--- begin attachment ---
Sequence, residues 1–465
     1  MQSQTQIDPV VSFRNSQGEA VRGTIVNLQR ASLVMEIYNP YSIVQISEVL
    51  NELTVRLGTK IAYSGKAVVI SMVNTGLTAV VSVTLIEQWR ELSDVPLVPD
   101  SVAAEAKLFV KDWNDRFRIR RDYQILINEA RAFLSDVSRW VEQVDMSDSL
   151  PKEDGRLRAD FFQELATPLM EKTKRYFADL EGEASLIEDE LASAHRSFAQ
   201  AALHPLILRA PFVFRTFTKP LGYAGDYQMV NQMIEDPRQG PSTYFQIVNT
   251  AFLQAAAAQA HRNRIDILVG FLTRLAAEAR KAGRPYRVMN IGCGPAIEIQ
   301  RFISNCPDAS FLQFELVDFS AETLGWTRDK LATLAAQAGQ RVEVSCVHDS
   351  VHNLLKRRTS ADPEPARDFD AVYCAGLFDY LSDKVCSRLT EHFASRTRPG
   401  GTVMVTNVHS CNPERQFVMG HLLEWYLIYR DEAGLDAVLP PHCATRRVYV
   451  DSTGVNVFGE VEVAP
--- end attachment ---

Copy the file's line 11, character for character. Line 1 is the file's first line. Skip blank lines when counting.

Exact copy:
   451  DSTGVNVFGE VEVAP